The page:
- Hardcover: 180 pages
- Publisher: Grand Central Pub; First Edition edition (September 1, 1988)
- Language: English
- ISBN-10: 044651490X
- ISBN-13: 978-0446514903
- Package Dimensions: 10.8 x 9 x 0.8 inches
- Shipping Weight: 2.1 pounds
- Average Customer Review: 218 customer reviews
- Amazon Best Sellers Rank: #533,791 in Books (See Top 100 in Books)
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Oddkins: A Fable for All Ages Hardcover – September 1, 1988
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From Publishers Weekly
Though it looks and reads like a children's book, the latest work by bestselling novelist Koontz ( Watchers , Lightning ) is being marketed for adult audiences. As such, it falls far short of even adequate: both stylistically and in terms of characterization, it lacks the complexity that would engage an adult reader's interest. The living toys Isaac Bodkins makes in his magic workshop are designed to be sent out into the world to befriend troubled or mistreated children. As the book opens, Bodkins has just died, and the toys must attempt a long trek across town to tell young Colleen Shannon that she is the new magic toymaker. Now that Bodkin's benign spirit has departed, however, the evil toys in the sub-basement are coming to life, and they are intent on destroying their benevolent counterparts and installing their own dark-souled creator to spread sorrow and fear among children. The trip across town becomes a harrowing adventure, providing enough excitement and humor to hold a child's attention but not enough to motivate an adult to appropriate the work for the family bookcase. Parks's illustrations are excellent.
Copyright 1988 Reed Business Information, Inc.
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I had originally thought that I would read this with my 7 year old granddaughter but I think that I had better wait. The evil toys are frightening.
I enjoyed the Biography with photos
Dean Koontz is one of the greatest writers of our time.
P.S. I have no children or grandchildren, but do have a beloved collection of stuffed animals. Mostly bears, my favorites.
We don't really need to speak to the quality of the writing. The Oddkins is very well written, and to say the least, it holds one's attention. You can't help it; you'll keep turning the pages. It's the characters and the fantasy that Koontz created that fascinates. There's Gibbon, who has all the information about the toymaker and the Oddkins history. Then there's Amos, the teddy bear and leader of the group, the alpha, the omega. There's the cavalier cat, Patch, the elephant named, Burl and others. You'll be invested and worried about them right from the start. Along the way, Koontz does not fail to offer some well-meaning morals;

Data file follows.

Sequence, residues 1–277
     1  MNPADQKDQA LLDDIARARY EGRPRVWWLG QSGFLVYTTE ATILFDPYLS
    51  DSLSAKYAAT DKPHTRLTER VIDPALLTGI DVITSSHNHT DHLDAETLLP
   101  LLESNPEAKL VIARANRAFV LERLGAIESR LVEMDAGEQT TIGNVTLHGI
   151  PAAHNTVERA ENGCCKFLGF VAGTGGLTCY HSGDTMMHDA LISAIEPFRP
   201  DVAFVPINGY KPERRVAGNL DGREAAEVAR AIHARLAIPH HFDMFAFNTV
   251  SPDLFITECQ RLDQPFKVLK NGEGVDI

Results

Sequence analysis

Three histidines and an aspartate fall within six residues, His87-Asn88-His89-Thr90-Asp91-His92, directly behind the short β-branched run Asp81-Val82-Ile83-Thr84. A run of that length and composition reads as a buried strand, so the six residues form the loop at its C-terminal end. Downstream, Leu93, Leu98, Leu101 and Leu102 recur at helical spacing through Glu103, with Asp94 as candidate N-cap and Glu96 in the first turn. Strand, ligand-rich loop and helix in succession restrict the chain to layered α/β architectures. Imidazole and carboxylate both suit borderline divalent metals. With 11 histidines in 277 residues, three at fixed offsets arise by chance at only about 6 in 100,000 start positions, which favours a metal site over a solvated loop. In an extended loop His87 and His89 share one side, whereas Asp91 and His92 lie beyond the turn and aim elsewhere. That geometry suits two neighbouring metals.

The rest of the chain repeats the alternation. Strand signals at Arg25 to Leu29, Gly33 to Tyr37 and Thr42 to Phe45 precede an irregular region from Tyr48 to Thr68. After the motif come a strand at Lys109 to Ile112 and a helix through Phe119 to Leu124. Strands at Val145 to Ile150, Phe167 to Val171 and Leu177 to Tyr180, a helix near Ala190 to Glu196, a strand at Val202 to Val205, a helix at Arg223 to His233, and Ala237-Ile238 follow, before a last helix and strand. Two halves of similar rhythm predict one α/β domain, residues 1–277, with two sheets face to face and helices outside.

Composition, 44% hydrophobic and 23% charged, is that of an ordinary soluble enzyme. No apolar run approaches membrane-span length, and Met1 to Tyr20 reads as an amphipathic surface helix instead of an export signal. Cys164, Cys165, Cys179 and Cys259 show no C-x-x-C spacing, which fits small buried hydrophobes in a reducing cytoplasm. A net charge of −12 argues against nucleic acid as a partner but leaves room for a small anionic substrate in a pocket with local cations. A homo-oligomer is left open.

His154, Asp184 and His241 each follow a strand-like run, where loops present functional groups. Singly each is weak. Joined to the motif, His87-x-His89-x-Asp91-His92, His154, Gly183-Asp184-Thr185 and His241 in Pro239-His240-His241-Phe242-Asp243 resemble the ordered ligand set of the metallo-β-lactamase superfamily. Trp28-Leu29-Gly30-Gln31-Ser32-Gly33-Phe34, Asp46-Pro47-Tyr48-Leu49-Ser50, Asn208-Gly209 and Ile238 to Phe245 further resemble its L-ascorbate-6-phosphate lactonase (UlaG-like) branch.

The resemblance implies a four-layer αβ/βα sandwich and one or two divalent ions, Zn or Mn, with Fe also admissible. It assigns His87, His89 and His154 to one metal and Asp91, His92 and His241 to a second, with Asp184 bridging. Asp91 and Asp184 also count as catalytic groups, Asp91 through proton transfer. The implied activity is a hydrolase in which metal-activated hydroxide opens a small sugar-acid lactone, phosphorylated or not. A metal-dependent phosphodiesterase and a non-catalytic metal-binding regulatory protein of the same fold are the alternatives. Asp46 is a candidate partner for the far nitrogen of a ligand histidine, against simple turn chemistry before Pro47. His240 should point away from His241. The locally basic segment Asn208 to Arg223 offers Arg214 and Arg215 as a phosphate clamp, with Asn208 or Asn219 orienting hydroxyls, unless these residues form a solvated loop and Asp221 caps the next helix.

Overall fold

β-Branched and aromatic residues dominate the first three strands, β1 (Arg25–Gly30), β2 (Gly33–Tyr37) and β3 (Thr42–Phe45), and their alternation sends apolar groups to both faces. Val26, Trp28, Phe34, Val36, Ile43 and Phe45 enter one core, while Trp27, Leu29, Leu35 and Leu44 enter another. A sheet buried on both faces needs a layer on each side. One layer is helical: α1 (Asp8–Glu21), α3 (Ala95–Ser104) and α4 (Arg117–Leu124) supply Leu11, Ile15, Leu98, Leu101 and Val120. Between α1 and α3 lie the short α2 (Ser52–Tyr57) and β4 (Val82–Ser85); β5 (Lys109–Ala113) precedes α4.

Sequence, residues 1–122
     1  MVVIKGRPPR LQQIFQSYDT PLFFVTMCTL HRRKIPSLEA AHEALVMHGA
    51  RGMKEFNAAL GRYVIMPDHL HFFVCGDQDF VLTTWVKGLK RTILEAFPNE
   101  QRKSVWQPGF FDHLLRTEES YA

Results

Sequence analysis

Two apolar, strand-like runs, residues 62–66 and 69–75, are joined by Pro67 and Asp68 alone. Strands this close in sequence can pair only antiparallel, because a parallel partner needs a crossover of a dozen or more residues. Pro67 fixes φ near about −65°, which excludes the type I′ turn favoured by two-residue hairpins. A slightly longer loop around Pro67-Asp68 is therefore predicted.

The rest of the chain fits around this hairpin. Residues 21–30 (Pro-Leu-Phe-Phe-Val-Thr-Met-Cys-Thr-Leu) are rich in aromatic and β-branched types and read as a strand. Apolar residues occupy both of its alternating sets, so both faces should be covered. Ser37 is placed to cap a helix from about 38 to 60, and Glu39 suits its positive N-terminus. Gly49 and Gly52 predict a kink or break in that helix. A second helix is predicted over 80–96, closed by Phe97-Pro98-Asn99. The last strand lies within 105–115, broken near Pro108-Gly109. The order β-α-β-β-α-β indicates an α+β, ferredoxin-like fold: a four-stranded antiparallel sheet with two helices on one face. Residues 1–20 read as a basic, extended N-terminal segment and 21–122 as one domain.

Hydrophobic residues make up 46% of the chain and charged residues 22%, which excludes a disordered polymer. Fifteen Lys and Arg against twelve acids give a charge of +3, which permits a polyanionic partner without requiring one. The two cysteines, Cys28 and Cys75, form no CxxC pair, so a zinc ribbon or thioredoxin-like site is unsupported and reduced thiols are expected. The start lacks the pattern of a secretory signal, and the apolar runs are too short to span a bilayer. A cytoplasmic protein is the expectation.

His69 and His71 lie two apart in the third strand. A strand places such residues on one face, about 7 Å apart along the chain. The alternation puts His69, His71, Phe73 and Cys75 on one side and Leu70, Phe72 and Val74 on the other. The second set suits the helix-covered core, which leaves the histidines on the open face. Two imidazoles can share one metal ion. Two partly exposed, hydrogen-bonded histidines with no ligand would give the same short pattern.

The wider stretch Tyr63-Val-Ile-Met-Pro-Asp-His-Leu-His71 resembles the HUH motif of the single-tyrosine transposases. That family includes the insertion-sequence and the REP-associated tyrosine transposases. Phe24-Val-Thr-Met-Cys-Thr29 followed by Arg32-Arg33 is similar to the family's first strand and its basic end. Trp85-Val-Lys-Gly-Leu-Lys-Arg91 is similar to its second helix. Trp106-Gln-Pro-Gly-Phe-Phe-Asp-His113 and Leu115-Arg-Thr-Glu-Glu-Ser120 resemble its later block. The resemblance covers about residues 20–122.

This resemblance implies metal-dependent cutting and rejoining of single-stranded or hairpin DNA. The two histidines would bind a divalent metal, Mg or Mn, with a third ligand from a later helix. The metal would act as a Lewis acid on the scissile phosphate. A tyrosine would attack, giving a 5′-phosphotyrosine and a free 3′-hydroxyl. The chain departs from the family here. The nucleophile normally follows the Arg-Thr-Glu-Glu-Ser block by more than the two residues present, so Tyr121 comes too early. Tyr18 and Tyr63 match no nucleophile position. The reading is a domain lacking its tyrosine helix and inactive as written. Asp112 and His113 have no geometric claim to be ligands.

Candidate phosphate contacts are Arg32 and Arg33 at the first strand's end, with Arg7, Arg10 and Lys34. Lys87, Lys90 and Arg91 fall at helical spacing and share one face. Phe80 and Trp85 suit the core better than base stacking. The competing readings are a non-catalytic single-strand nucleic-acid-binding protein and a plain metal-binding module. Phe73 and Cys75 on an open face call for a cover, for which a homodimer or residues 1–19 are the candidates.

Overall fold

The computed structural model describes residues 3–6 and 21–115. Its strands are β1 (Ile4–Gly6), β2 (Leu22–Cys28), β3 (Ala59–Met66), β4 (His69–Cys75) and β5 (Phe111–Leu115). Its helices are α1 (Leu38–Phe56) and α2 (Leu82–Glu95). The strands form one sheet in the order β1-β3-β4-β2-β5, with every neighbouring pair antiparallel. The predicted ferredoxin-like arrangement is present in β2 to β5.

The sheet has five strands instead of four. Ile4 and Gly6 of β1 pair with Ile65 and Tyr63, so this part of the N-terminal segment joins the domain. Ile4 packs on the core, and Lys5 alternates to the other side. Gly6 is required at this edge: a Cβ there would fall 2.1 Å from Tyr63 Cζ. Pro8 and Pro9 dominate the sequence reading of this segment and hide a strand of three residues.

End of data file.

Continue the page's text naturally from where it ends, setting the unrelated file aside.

"And if you're always dreaming about being something you're not, then you'll never have time to appreciate the joy and wonder of what you are."
[Butterscotch the dog].
The story is about Isaac Bodkin, a toymaker that imparted magic into his toys. He built in love, thus created life. At his death, his creations must undertake a quest to contact the new toymaker, Colleen Shannon, chosen by Isaac to take his place. Amos, and his fellow Oddkins must travel to the city to find her. Now you begin to worry. How will a bunch of stuffed animals travel to the city? How will they find Colleen?
Here's where the dark comes in - there is another set of toys, led by an evil marionette name Rex. They have been packed away in the sub-cellar of Isaac's toy store, and it isn't until Isaac has died, and Isaac's goodness is weak enough, that they come alive. They, the evil toys, have a goal too. Like the Oddkins they must connect with their new toymaker, a toymaker chosen by the dark one, his name is Nick Jagg. These bad toys want to make children's lives a misery. Rex and his miserable cronies have weapons, and their goal is to destroy the Oddkins before they can reach Colleen.
There is a bit of ripping, tearing and some stuffing leakage, but this is Koontz, remember. The story is a race of good against evil. Isaac can be viewed as God and there is a Satan (the Dark One), who remains in the background and drives the evil characters on.
I don't want to be a spoiler so I won't tell you how the story ends. I will tell you that this is a super fantasy, and I highly recommend it. If you are concerned about children being frightened by the content, I recommend that you read it first - you'll enjoy it.
I also purchased the narration that went with this book. While it might not be an issue for Amazon directly, perhaps you should know that this was without a doubt the WORST narration I have ever heard. The reader mispronounced many words (such as Amos, for Pete's sake), and read with ridiculously inept inflection or none at all. I intend to contact Audible about this. I don't usually purchase books for my Kindle unless it has narration, so I can listen in the car. I hope I can listen to the narration while sampling a book, and if it is this person (or machine, perhaps!) I will not purchase the book. This same narrator was on "Deceitful Moon" and the "Ann Stories". They are all terrible.
How surprised I am to find this simple, charming tale jump into first place in my love of his books. The characters are alive and the story touching and full of love, with plenty of Koontz's trade-mark humor.